And there was a study from a lab in Cambridge … where they took serum from people who had recovered from COVID and measured it against wild type virus and against viruses that have this deletion. And they saw that the antibodies of the recovered individuals neutralize the mutated virus significantly less than the wild type virus.
If I had to hazard a guess, I believe we could see a modest reduction, like from 95% vaccine effectiveness to 85% or so, but I don't think it would really severely inhibit the vaccine.
"It's nuts." Missouri Republican Sen. Josh Hawley is going full Trump on the 2020 election results. Some of his GOP colleagues aren't pleased.
"Politically for them it might be great for their base, for their fundraising, for things like that but, nationally, it's horrific," Rep. Denver Riggleman (R–Va.) told MSNBC. "I find it amazing that right now we have Republicans that are actually objecting to Federalism and wanting sort of this overthrow or this sort of 'let's throw out the electoral voters, let's ignore the states, we've already litigated this and let's move forward.' And the only thing I can say is it's nuts."
Prosecutors aren't letting go of the Robert Kraft prostitution case. Florida prosecutors, still intent on punishing New England Patriots owner Robert Kraft for getting a hand job, are refusing to delete massage parlor surveillance footage that multiple judges ruled off-limits for use in a criminal trial. Palm Beach County State Attorney Dave Aronberg—who repeatedly lied about the purpose and findings of a prostitution bust at Orchids of Asia spa, calling it a rescue mission to save Asian female sex slaves who worked there when the only people punished in the case were those same workers—"argues there is still a civil case pending in which the videos could be used as evidence," reports ABC News.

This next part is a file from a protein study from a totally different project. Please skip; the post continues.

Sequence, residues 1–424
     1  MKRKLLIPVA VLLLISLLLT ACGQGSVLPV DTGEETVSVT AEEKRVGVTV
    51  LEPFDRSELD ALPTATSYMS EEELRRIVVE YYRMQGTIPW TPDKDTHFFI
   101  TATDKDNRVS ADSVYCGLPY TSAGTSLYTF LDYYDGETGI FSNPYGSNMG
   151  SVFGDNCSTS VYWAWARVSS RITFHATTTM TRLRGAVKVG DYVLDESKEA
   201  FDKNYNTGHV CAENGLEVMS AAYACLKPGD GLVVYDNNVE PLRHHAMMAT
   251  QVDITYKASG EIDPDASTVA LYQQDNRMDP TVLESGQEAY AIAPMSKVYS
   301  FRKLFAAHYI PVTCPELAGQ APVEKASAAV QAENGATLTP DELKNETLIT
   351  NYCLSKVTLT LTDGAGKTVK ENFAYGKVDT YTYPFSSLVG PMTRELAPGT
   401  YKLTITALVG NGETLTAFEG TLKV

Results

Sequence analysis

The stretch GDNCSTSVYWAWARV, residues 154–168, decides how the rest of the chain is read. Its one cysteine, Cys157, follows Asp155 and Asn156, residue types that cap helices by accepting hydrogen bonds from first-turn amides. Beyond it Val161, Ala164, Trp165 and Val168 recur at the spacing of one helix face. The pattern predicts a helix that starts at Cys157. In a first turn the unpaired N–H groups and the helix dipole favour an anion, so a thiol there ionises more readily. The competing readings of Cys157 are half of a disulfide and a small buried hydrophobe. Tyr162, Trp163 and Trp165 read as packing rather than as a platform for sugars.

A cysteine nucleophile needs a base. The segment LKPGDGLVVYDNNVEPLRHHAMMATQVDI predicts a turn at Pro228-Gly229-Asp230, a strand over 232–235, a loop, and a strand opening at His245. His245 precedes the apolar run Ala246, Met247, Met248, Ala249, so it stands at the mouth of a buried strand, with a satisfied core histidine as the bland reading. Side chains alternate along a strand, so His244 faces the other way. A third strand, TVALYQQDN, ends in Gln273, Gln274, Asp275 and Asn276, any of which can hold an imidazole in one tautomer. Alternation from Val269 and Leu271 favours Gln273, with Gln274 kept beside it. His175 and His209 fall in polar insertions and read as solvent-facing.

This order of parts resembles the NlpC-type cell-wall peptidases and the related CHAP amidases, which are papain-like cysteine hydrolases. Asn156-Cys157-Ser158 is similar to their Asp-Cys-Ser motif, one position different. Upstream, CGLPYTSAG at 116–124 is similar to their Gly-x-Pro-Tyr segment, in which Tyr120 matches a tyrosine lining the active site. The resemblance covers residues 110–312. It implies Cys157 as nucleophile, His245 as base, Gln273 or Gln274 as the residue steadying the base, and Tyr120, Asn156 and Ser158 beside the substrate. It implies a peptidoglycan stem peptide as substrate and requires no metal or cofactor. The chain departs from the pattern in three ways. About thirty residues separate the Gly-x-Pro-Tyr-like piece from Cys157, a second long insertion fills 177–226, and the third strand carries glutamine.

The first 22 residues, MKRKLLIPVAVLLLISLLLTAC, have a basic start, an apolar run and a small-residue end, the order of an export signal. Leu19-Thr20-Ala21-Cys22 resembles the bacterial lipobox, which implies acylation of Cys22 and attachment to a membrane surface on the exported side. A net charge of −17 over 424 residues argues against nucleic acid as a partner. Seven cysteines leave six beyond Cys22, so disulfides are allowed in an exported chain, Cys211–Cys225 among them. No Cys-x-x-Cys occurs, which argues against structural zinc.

In the early days of the pandemic, many U.S. distilleries stepped up to fill in the hand sanitizer shortage by using their equipment to produce sanitizer instead of liquor. Now, the U.S. government is punishing them for it. The Food and Drug Administration (FDA) "delivered notice to distilleries that had produced hand sanitizer in the early days of the pandemic that they now owe an unexpected fee to the government of more than $14,000," notes Jacob Grier. More here.
- Senate Majority Leader Mitch McConnell is back to rebuffing efforts to raise COVID-19 relief checks from $600 to $2,000. "The GOP leader made clear he is unwilling to budge, despite political pressure from Trump and even some fellow Republican senators demanding action," reports the Associated Press.
- Around 60 percent of Ohio nursing home staffers offered the COVID-19 vaccine have said no thanks, according to Ohio Gov. Mike DeWine.
- "Over the weekend, a Wisconsin hospital announced that it had been forced to toss more than 500 doses of the coronavirus vaccine because an employee accidentally left dozens of vials unrefrigerated overnight," notes The Washington Post. "But on Wednesday, the hospital said the incident was no accident."
- Violence and misconduct are pervasive among police in Columbus, Ohio.
- You should watch The Wilds.